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Why Money In The Bank Has Become Top 4 Yearly WWE Events & Will Be History Sunday

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My Friday column for the Pittsburgh Tribune-Review looks at WWE Money in the Bank becoming one of the elite events for WWE. Here’s an excerpt:

Money in the Bank has elevated itself to the four elite events for WWE.

It has bumped Survivor Series and now is following WrestleMania, SummerSlam and Royal Rumble.

Survivor Series was one of the original four when WWE pay-per-view events were in their infancy, but the concept has become outdated.

No longer are team elimination matches a big draw given how often one can see it year-round because of the volume of programming.

Since becoming a pay-per-view in 2010, Money in the Bank has been host to several significant moments in WWE history.

Perhaps most famously in 2011 when CM Punk and WWE were in the middle of a very public dispute over contract and booking, and we saw Punk win the WWE title and exit the arena through his hometown crowd.

Even beyond that historic moment is the consistency and guarantee that Money in the Bank delivers with its signature ladder match.

The winner of the MITB briefcase basically is a future world champion at some point in the next year.

The bigger questions are how and when the cash in takes place? It’s a license to steal. It provides endless creative options and moments for the audience to wonder: Will this be when the opportunity gets cashed in?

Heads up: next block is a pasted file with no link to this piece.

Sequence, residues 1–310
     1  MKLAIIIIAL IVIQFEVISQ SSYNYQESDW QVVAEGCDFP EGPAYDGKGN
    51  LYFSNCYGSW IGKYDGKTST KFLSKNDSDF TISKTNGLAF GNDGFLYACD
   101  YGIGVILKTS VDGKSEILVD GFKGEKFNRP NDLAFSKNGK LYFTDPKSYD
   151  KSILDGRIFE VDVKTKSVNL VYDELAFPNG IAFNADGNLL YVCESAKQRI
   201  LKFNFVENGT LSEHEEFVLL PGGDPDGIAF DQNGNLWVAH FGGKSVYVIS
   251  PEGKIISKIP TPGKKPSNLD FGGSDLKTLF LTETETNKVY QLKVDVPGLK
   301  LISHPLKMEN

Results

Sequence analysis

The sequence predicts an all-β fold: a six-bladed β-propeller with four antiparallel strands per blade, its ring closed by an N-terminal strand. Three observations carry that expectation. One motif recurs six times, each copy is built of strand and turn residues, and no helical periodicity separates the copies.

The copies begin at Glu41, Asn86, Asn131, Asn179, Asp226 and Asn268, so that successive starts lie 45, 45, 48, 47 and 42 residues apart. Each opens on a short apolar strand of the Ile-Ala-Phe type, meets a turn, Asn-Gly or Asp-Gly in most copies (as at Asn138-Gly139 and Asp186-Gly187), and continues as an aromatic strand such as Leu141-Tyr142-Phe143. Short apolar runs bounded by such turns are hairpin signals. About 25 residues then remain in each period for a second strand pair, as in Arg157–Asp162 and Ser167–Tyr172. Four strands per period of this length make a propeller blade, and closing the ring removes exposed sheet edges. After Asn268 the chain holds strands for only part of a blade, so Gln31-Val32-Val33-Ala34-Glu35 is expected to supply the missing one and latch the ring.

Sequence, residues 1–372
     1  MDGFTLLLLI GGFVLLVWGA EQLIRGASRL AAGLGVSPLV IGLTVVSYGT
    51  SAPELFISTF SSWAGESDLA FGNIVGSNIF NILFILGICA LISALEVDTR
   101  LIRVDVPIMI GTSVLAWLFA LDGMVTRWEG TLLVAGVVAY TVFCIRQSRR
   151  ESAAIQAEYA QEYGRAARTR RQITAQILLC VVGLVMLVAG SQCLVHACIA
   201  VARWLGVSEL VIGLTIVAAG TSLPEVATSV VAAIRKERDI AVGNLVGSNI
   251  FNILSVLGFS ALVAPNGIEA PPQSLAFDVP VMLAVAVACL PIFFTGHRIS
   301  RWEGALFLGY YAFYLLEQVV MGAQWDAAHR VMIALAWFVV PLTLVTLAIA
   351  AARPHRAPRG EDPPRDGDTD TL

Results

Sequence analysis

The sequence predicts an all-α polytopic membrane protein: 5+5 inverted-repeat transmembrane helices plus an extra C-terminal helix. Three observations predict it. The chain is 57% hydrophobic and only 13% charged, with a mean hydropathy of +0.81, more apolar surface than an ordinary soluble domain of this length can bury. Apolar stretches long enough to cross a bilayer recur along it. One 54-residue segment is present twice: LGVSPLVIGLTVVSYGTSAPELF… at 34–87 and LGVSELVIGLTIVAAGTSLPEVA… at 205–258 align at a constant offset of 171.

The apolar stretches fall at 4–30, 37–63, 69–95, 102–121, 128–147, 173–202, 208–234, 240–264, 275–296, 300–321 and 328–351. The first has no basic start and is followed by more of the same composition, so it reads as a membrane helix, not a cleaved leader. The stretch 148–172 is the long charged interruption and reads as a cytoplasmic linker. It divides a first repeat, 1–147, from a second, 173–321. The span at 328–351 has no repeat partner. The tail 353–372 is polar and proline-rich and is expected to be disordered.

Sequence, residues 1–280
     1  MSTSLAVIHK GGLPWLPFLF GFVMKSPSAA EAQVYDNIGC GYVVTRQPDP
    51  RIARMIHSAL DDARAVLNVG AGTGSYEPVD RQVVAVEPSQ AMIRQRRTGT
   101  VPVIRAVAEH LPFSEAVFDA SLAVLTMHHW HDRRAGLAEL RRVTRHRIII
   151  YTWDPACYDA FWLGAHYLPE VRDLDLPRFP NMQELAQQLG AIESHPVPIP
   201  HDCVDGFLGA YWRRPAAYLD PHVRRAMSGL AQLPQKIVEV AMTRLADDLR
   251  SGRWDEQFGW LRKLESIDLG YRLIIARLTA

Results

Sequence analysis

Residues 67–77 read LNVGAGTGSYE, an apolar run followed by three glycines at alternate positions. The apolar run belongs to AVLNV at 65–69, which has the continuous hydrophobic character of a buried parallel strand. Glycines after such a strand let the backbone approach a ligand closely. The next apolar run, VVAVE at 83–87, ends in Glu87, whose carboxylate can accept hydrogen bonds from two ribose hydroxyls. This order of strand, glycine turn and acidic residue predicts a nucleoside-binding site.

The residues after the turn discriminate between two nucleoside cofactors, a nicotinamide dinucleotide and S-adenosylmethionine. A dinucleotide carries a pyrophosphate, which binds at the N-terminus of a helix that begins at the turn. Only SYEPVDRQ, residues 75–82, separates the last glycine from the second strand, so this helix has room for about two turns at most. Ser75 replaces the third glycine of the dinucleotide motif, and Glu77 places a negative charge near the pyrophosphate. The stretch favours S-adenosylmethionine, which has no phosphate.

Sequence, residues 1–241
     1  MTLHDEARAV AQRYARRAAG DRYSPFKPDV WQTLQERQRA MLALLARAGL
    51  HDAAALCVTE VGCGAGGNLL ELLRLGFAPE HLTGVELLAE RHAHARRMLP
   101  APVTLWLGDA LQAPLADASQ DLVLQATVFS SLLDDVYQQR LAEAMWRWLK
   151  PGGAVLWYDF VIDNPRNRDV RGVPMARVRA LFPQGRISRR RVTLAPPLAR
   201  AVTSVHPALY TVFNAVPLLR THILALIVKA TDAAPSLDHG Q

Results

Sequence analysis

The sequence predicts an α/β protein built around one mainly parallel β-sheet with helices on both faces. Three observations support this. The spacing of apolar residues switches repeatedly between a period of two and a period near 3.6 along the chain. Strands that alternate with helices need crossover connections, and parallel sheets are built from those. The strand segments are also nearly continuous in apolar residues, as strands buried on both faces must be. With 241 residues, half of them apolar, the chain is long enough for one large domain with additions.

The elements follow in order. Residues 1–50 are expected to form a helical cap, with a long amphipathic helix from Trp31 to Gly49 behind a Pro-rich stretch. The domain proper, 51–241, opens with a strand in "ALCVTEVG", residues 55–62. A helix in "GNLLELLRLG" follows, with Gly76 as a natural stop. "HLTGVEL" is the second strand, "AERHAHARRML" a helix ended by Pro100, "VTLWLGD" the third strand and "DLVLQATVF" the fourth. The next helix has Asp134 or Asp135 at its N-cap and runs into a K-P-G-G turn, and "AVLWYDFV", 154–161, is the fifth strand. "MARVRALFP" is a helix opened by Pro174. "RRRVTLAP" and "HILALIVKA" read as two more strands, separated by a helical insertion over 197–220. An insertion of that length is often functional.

It’s one of the best concepts WWE has ever come up with.

This year’s MITB event taking place on Sunday, and has the most impressive card in its seven-year history.

To me, the traditional MITB ladder match has two logical options for winners in Kevin Owens or Cesaro. Everybody else is there to be a body fill out the match and contribute to what always has a chance to steal the show.

For months, like many others it sounds like, Owens screams as the the perfect guy to get the briefcase. After an impressive first year on RAW and SmackDown, his arrogance and opportunistic nature carrying the guaranteed title shot would be a great way to define his second year.

Since returning from injury, Cesaro has done a lot of work to add depth to his character to grab that brass ring Vince McMahon spoke about.

Making his entrance unique, ripping the suit off and his interaction with the audience during matches has given more layers to his character than just being known as an athletic freak.

I’m still sticking with Owens on the basis of his personality holding the briefcase as being the best fit. If and when Cesaro ever gets to the world title picture, a better story and money making scenario would be him chasing it more traditionally with the fans rallying support behind him.

 

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